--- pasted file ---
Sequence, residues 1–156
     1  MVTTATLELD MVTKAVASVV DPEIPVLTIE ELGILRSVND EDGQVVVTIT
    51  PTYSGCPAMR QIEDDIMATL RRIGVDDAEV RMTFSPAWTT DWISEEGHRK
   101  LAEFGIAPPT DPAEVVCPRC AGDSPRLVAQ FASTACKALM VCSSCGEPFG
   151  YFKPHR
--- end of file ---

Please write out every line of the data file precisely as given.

Sequence, residues 1–156
     1  MVTTATLELD MVTKAVASVV DPEIPVLTIE ELGILRSVND EDGQVVVTIT
    51  PTYSGCPAMR QIEDDIMATL RRIGVDDAEV RMTFSPAWTT DWISEEGHRK
   101  LAEFGIAPPT DPAEVVCPRC AGDSPRLVAQ FASTACKALM VCSSCGEPFG
   151  YFKPHR